The fireplace in the Keeping Room was the place where the cooking was done.  It may be seen today with its iron crane supporting heavy iron kettles hung on "S" hooks over the fire, iron "spiders" and boiling racks, heavy tin roasting oven, reflector oven, and flip toaster.  The Historical Society's collection of earthenware, woodenware and tin is also displayed in this room.  To the left of the fireplace, is the "beehive oven" where much of the baking was done. It would originally have been located inside a larger walk-in fireplace and far more dangerous for women in their long skirts to use.

In the early days of the old house, there was a "borning room" opening off one end of the Keeping Room where the continuous heat from the big fireplace kept the room fairly comfortable in times of illness or the birth of babies. This room was opened up and made a part of the Keeping Room by the last owners of the property.

The house was substantially put together with beams fastened securely by wooden pegs or trunnels (tree nails).  Gunstocks posts are still visible.  Evidence of the long sloping room of the "saltbox" is seen in the attic where plaster marks show against the chimney.


Reader Feedback - Dominick Barrett in Anson County, North Carolina

Dominick Barrett, born in Cork in 1773, came to Anson county, North Carolina in 1790 as a very young man. Somehow he was able to amass 2-3,000 acres in Anson county.  His brother's name is Thomas.  How can I find out about him in Ireland? 

Laura Barrett (lbarrettoliver"gmail.com)


Thomas Barrett, Engraver and Convict

In 1784 Thomas Barrett appeared at the Old Bailey in London on a charge of being criminally at large. For three years he was kept in appalling conditions on a hulk in the Thames before being sent to Australia in the first batch of convicts on board the Charlotte as a part of the First Fleet.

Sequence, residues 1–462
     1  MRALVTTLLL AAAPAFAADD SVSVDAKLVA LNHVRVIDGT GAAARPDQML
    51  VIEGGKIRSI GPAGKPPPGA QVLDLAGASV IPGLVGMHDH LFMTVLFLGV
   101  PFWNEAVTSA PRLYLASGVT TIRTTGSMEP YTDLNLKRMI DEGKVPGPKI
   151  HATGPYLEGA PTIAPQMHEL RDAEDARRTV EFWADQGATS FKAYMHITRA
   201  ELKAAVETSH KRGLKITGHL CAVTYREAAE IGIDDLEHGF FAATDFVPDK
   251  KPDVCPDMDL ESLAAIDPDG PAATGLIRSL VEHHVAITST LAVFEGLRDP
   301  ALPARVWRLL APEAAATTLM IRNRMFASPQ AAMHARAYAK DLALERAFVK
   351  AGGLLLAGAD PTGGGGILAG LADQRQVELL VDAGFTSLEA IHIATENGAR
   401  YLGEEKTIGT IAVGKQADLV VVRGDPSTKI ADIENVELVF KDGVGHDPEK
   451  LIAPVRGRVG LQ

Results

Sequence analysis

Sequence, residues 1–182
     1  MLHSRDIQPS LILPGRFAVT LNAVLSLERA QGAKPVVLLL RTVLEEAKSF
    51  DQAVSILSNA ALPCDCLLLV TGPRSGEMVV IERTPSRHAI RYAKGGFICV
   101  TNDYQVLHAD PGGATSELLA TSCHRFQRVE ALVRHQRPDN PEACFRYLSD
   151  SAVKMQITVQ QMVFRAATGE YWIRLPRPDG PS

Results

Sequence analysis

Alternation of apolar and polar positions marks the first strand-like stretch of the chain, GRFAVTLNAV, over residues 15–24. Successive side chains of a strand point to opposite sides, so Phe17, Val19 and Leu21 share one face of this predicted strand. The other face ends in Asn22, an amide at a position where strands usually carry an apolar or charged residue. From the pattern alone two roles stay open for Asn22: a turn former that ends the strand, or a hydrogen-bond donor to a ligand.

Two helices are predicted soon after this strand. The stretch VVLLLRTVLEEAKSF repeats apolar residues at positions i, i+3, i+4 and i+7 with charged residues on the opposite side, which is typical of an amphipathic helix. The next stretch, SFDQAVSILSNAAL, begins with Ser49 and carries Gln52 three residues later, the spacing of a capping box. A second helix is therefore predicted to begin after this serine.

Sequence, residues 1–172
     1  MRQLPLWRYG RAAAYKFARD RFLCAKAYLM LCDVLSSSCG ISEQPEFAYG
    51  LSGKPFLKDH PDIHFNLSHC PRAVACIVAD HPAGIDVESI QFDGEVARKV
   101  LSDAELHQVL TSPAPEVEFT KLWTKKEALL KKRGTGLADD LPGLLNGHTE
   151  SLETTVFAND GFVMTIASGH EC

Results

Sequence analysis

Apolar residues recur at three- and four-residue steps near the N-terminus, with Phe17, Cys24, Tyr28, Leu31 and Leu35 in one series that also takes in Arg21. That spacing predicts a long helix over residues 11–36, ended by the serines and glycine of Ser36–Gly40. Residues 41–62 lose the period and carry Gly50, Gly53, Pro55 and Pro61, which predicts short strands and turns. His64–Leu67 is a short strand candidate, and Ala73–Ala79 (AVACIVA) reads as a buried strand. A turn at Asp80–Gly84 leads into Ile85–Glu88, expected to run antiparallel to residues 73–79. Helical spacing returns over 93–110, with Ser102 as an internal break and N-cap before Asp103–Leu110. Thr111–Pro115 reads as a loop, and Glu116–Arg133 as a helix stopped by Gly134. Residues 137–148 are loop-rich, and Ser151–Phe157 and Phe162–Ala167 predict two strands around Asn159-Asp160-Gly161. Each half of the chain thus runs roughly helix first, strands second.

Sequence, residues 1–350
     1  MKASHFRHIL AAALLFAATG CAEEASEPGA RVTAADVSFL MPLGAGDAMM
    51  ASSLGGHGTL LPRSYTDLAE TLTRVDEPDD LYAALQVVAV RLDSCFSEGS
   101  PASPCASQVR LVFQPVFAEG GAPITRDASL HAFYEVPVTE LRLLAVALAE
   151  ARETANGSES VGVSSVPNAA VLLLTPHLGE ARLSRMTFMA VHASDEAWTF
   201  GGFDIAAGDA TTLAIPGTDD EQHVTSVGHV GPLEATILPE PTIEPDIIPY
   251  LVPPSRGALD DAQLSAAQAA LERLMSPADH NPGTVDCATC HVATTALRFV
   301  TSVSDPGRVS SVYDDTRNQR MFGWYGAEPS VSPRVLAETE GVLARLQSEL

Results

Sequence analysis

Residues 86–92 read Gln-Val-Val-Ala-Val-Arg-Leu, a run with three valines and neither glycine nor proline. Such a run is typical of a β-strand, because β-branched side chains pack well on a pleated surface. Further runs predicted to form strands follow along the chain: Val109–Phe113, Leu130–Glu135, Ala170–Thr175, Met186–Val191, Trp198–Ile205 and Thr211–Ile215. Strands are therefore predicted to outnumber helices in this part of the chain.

When the fleet stopped to re-stock at Rio de Janeiro he was involved in passing some forged quarter dollars at Rio de Janeiro, ingeniously made from some pewter spoons and old buttons and buckles belonging to marines.

Dr White the surgeon on board the Charlotte asked Barrett to make a memento of the trip out and Barrett fashioned a medal out of a silver kidney dish. That medal still exists and was sold at auction to the National Maritime Museum in Australia in 2008 for a million dollars.  It is known as the Charlotte medal.

But Thomas Barrett himself had no luck in Australia.  He was accused of stealing food from the Government storehouse and in February 1788 became the first man to be hanged in the new colony.



Matthew Barrett, International Banker

Matthew Barrett was born and raised in Kerry in Ireland, where his father struggled to make a living as a musician playing in local dance halls in the 1950’s. Since the family was relatively poor, Barrett was encouraged by his father to enter the banking business.

In 1962, at the age of 18, he became a clerk at the London headquarters of the Bank of Montreal.  Shortly afterward Barrett's father died of a heart attack and Barrett was left as the sole supporter of his mother and sister.  Barrett recalled: "It aged me overnight. I was the man of the family.  It changed me from being a young man having a good time into a serious career banker."

Over time Barrett steadily rose through the ranks at the Bank of Montreal and was appointed its CEO in 1989.  Ten years later he retired but then accepted the position as CEO at Barclays Bank.